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Credit Where It’s Due

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I must give credit where credit is due. Every human innovation has its roots in something found in nature – we’re inspired by something that somebody else already invented. The belief I’m describing comes from a deeper belief that we are designed to solve problems; that we are walking problem solvers for somebody. We were created to bring solutions.

What do I mean? One of my heroes in creativity was a man who brought the supply to his generation, and in the process changed the way we look at all of science.  The man is named George Washington Carver. A short biography I read, written by his friend Glenn Clark, absolutely wrecked me. In “The Man Who Talks With the Flowers,” I learned he awoke every morning at 4:00am to go walk the woods, in conversation with the God whom he called, “Mr. Creator.” Everything that he did came out of that early morning time. This was the inspiration and direction for his pursuits in the lab; the source of his effectiveness.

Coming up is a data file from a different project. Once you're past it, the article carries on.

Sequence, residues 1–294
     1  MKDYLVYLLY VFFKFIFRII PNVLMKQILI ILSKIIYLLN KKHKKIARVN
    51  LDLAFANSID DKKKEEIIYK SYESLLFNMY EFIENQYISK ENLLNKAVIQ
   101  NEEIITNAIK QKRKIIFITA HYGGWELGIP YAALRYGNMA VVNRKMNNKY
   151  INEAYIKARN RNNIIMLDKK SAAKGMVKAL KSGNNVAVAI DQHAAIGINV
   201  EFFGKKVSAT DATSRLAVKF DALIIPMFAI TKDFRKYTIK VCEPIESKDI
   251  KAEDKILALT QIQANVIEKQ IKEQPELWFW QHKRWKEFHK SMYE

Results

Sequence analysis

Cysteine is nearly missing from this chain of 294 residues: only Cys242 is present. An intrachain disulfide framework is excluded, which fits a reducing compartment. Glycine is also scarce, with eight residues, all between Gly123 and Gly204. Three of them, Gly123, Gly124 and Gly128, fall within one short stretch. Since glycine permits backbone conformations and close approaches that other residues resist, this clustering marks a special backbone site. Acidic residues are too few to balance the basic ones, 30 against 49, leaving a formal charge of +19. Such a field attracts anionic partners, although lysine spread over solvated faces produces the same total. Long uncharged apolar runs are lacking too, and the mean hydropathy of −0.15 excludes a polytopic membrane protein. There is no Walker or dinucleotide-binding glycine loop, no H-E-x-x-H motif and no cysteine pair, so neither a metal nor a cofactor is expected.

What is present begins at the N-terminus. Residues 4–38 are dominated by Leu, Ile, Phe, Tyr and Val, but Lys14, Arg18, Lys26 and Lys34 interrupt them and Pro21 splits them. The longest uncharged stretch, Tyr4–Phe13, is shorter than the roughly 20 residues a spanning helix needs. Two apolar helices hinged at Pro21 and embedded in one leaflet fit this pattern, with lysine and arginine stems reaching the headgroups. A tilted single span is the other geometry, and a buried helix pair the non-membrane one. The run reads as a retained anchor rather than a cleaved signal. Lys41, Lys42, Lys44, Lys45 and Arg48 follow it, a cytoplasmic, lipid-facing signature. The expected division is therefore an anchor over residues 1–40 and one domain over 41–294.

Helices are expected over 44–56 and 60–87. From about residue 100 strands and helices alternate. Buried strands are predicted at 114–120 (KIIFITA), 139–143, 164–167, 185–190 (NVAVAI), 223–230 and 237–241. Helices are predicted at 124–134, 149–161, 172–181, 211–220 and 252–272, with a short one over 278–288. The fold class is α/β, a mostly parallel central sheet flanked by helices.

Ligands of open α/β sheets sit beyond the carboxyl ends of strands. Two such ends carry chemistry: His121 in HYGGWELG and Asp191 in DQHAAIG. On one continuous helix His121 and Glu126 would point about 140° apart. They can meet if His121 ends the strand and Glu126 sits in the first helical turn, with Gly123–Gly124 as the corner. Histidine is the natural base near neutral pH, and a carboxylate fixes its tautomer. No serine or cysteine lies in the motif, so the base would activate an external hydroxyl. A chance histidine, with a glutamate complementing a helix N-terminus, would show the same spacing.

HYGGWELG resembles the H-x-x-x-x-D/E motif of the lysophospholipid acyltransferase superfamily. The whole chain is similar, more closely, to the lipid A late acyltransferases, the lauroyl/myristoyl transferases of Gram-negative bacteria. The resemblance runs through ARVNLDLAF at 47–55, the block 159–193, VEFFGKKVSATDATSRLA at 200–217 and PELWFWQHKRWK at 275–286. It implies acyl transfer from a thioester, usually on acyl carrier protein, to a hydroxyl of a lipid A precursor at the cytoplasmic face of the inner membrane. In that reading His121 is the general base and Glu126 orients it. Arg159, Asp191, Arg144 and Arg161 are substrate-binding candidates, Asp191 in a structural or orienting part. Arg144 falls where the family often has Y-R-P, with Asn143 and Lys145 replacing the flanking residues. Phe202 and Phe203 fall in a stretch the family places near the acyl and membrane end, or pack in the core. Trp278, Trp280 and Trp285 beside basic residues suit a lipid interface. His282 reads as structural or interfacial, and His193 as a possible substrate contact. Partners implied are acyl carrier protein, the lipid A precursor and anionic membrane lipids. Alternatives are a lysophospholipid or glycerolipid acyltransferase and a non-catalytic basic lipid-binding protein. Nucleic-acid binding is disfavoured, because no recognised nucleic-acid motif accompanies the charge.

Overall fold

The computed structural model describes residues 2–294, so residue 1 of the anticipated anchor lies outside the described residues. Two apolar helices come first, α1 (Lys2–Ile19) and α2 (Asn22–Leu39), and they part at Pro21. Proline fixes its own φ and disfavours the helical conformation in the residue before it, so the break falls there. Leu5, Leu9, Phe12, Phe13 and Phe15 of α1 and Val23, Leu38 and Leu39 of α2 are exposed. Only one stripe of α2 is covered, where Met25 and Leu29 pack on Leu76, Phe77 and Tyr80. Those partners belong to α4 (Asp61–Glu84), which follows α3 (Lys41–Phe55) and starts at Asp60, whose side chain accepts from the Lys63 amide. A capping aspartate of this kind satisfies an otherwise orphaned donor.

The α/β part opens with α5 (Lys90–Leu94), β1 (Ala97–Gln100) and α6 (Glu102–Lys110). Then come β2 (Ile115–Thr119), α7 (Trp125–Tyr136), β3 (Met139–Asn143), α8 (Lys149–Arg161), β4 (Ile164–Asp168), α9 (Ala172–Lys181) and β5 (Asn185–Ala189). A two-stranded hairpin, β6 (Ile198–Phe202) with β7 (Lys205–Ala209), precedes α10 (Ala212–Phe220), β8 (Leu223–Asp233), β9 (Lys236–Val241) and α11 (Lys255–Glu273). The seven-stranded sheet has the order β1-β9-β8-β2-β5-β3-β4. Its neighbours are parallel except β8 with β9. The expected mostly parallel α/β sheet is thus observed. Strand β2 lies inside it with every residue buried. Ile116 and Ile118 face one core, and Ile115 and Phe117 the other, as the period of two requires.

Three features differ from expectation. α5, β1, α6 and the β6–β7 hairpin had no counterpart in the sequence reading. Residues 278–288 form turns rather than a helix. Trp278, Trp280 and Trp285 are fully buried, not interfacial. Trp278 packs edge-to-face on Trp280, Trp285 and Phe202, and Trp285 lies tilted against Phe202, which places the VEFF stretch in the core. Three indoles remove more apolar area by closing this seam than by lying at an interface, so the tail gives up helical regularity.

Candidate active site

Without a constant leaning on the help and guidance of “Mr. Creator,” I, too, would miss the glaringly obvious.  Does that mean that our creativity is a toddler Easter egg hunt – brightly colored eggs hidden so obviously that we could never miss it? Honestly, sometimes, yes. But most of the time, we must bring our every resource, experience, education, and intuition to bear.

Here are a few lessons from the macro-creation that I bring into my micro-creations:

  • The laws of physics came first. The rules come first – the parameters, limits and laws – before anything else. There had to be a frame and a canvass before there was a painting.
  • All beauty is functional. The flower, the tree, and the butterfly – the function came first and beauty fulfilled function.
  • Everything was created to solve a problem.  Creativity disconnected from problem solving is an exercise in chaos. The better you define the problem, the better your solutions will be.

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